Today's homes are filled with components that weren't so common years ago. They make your home more efficient and less work, but you can't ignore them entirely. So as you plan your chores and projects for the coming year, here are some to keep in mind.
Vinyl windows should get a yearly inspection. Clean window tracks of debris, says Burt Harold, a rep for Pella Windows. Make sure weatherstripping is sound and making proper contact. Replace as needed.
When cleaning, never use abrasives, which can damage the window's vinyl skin. If you need to lubricate a track, use pure silicone spray, not WD-40.
Follow the manufacturer's recommendations for caulking. When washing windows, be aware that bleach can discolor dark vinyl colors. And, remember, window films can void your warranty.
HardiePlank/fiber cement siding
It won't rot, it holds paint and it's very durable. It's the siding of choice on many new homes. Often called HardiePlank, it's almost trouble-free. Still, inspect it annually.
If caulking fails, water can penetrate the joint and damage the wood and framing behind the siding. Charlotte home inspector Dave Hahn recommends using caulk rated for at least 20 years. Choose a high-quality silicone or polyurethane.
Minor dents can be filled with auto body putty. Follow instructions on the can and, just as if you were working on a car, don't stint on the sanding. Uneven spots will show. For larger areas, cut out damaged fiberglass with a grinder. Repair with mat and resin from a fiberglass repair kit. Prime, then paint with 100 percent acrylic.
Stainless steel is still a hot look for kitchens. The biggest complaint about stainless is that it shows all those little handprints.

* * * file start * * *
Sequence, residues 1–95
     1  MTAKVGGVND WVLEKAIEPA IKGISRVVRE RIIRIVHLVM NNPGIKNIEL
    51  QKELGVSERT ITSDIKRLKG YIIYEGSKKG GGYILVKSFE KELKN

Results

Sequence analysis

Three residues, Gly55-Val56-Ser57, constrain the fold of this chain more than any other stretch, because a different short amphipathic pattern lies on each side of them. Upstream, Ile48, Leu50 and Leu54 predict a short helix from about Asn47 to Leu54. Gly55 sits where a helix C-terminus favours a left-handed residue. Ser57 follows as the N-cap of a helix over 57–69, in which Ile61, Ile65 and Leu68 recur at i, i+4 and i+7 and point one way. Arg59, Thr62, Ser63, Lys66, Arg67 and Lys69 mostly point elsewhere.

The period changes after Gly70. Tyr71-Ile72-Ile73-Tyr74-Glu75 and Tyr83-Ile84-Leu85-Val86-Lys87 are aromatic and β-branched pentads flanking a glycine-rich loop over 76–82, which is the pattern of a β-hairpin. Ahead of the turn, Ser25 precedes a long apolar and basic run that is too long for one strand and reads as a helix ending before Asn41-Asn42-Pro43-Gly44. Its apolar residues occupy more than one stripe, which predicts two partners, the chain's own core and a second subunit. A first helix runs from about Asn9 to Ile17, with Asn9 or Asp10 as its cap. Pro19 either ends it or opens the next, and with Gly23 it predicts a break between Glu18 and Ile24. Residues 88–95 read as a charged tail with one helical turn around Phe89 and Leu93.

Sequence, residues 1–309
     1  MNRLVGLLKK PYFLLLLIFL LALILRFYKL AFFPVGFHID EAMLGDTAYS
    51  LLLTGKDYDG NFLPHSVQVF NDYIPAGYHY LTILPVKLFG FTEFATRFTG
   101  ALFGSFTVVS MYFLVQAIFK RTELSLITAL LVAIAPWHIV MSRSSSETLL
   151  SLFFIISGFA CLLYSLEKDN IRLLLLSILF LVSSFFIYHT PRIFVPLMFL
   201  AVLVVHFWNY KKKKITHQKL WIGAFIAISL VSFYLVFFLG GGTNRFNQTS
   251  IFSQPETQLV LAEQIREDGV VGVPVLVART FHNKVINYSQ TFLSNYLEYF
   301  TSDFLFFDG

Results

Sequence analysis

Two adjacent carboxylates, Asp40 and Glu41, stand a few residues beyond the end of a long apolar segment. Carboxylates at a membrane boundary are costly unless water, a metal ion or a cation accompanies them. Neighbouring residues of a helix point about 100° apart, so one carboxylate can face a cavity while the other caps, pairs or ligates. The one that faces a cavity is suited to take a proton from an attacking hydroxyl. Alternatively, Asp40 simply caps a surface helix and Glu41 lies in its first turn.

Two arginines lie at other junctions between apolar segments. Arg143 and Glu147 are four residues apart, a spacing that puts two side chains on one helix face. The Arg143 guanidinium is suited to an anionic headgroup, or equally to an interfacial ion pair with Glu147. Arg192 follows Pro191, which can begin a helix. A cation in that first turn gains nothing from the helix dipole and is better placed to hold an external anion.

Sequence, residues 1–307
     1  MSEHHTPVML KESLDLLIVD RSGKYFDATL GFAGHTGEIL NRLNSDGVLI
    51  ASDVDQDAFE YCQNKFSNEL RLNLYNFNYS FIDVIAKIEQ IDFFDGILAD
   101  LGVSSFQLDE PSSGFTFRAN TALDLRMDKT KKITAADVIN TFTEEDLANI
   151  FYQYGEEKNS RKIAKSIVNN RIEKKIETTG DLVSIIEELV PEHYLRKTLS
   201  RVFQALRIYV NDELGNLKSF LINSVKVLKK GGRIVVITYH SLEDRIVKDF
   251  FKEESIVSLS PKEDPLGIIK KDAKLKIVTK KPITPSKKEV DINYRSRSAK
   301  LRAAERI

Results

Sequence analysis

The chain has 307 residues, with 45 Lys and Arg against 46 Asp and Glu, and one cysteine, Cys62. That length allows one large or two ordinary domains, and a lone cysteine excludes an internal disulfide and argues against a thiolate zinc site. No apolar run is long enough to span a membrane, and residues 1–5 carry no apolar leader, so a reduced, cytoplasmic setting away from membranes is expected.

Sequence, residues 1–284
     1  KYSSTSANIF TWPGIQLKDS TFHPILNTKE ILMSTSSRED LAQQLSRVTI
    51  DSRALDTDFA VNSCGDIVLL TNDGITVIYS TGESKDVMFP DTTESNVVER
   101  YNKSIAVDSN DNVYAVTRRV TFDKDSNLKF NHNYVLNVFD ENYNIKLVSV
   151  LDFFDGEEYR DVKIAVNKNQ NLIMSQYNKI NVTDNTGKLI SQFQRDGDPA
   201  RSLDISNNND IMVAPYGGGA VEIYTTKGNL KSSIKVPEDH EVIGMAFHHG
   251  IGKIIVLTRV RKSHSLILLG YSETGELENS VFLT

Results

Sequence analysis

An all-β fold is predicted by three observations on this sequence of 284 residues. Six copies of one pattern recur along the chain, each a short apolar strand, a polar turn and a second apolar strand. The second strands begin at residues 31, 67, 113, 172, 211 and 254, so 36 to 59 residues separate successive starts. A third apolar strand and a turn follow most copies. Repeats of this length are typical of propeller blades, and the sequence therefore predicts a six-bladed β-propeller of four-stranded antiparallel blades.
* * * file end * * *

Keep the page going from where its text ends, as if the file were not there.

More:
Clean with a specialty product such as 3M Stainless Steel Cleaner and Polish. Such products create a barrier against fingerprints. Avoid products with chlorine; mild abrasives can scratch. Read labels.
These ancient materials are more popular than ever. Not all stones need sealing. Ask your stone pro, and buy the best sealers you can afford. Grit and acids are the biggest threats to marble and limestone.
Clean surfaces with a few drops of neutral cleaner, stone soap (available at hardware stores) or a mild liquid dish detergent and warm water. Go easy on the cleaner or soap, because too much can leave a film. Rinse thoroughly and dry. Do not use abrasive cleaners, or ones with lemon, vinegar or other acids.
For deep stains, try a poultice at www.marble-institute.com/consumers.
There are six times as many connections that can leak, and six times as many shower heads that can clog. Check regularly and clean with CLR or some other solution. You can use white vinegar to clear a shower head that has been clogged with mineral deposits. Place vinegar in a plastic bag, enclose the head and secure the bag to the shower neck with a rubber band or twist tie. Let stand for at least two hours.
Early on, composite decking was billed as a trouble-free alternative to treated lumber. But you still have to clean it. The best way to prevent stains is to sweep or hose off regularly.
To wash, use a commercial composite deck cleaner such as Jomax. For stubborn stains, allow the solution to sit for a few minutes and scrub with a bristle brush.
Be careful with power washers. Some decking manufacturers recommend against them, and using one can void your warranty. Other makers suggest smaller washers with no more than 1,300 PSI, with the fan tip no closer than 8 to 10 inches from the surface.
The best known maker of composite decking, Trex, recommends that you wash your deck twice a year, in spring and fall, to prevent mold and mildew.